And we need experimental, innovative, imaginative books. The market today discourages risk-taking and innovation by publishers. They no longer have the margins to cover losses on a book they think is worth publishing but may not be a commercial success. Commercial success indicates popularity and is not a measure of literary quality.

Buying books

215 obama-at-prairie-lights

We want, we need people to buy books. I remember being in Stoke Newington Bookshop in 1995, browsing away as you do. Two young women were in there with me (this was in the old premises which was more like a corridor than a room) and so we were constantly squeezing past each other. One young woman announced, ‘I’ve never bought a book in my life’. I was so struck by this statement that I made a note of it. I hope she isn’t still able to make that claim.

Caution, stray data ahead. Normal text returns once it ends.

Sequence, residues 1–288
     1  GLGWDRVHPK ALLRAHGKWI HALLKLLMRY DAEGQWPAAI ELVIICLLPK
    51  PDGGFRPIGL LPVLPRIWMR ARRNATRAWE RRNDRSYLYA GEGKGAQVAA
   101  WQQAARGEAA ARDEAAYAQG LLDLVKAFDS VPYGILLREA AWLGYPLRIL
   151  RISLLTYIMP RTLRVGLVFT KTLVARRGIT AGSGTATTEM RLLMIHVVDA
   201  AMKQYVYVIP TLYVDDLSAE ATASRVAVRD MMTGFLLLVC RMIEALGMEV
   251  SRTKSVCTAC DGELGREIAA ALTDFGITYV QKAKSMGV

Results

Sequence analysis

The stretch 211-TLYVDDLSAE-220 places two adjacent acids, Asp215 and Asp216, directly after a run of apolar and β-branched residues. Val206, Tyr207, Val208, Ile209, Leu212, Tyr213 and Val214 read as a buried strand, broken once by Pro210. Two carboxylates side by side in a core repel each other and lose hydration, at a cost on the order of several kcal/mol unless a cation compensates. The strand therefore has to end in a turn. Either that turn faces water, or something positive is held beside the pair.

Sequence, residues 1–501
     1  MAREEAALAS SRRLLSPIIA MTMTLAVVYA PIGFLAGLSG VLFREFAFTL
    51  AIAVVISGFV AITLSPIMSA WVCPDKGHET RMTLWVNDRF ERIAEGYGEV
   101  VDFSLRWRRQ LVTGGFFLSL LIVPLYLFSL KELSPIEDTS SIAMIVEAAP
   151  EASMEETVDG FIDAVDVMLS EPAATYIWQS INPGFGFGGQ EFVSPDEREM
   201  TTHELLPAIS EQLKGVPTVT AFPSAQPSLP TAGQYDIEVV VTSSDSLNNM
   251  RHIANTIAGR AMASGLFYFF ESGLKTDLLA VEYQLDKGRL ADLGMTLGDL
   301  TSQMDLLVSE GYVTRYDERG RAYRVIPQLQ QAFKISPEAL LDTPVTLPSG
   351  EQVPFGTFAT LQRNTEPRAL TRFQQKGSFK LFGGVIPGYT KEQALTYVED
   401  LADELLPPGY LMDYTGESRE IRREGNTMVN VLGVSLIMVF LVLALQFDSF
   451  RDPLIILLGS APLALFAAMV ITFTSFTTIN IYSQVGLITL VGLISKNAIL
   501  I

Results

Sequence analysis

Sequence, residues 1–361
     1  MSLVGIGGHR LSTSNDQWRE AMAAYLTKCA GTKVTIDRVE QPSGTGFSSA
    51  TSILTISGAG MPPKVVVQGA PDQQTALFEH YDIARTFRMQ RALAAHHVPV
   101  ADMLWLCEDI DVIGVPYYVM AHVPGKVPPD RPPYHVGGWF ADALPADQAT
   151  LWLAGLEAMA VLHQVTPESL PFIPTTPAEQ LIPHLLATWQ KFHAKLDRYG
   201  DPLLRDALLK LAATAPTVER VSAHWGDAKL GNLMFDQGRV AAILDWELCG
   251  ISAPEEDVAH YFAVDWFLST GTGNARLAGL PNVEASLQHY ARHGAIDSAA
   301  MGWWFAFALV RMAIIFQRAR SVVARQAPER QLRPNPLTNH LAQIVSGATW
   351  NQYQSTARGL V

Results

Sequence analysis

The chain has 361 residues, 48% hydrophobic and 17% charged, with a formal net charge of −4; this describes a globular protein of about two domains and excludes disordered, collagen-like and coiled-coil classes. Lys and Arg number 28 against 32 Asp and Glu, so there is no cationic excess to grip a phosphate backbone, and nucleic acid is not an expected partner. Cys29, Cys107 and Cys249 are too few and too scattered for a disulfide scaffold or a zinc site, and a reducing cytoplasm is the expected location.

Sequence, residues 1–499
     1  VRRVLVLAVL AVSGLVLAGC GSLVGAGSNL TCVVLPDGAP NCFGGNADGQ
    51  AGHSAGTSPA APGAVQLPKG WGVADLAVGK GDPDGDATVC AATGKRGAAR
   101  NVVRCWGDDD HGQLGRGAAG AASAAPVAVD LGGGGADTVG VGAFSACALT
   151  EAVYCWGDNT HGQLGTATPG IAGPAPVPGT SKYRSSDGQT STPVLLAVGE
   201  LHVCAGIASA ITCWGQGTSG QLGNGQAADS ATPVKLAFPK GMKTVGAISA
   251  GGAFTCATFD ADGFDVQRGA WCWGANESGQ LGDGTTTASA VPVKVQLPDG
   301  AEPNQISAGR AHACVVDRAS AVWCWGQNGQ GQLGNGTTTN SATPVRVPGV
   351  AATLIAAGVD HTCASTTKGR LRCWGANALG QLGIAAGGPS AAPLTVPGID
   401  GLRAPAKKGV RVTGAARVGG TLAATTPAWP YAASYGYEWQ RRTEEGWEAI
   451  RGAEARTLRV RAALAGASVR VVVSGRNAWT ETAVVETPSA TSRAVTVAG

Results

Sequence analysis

Paris Bookshop September 2008 by THOR via Wiki Commons

Paris Bookshop September 2008 by THOR via Wiki Commons

And then, a couple of years later, I overheard a student at the University of London saying, no doubt in relation to her studies, perhaps an essay she was writing, ‘You read a book and that changes everything.’ I would have liked to introduce these two young women.

215 BOGOFPerhaps the increase in the number of literary prizes is the publishers’ way of supporting initiatives to promote the sale of good books.

Euston Road, London

Euston Road, London

I am surprised but pleased when I see a book advertised on billboards, on the bus stands or on the underground in London.